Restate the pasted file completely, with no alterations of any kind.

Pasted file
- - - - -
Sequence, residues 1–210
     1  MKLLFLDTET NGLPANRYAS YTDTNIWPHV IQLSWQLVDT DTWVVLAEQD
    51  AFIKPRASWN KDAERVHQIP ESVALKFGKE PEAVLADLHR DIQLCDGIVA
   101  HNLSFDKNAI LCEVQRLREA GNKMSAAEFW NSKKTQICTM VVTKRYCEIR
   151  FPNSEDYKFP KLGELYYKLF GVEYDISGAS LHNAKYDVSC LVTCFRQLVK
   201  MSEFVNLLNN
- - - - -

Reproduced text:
Sequence, residues 1–210
     1  MKLLFLDTET NGLPANRYAS YTDTNIWPHV IQLSWQLVDT DTWVVLAEQD
    51  AFIKPRASWN KDAERVHQIP ESVALKFGKE PEAVLADLHR DIQLCDGIVA
   101  HNLSFDKNAI LCEVQRLREA GNKMSAAEFW NSKKTQICTM VVTKRYCEIR
   151  FPNSEDYKFP KLGELYYKLF GVEYDISGAS LHNAKYDVSC LVTCFRQLVK
   201  MSEFVNLLNN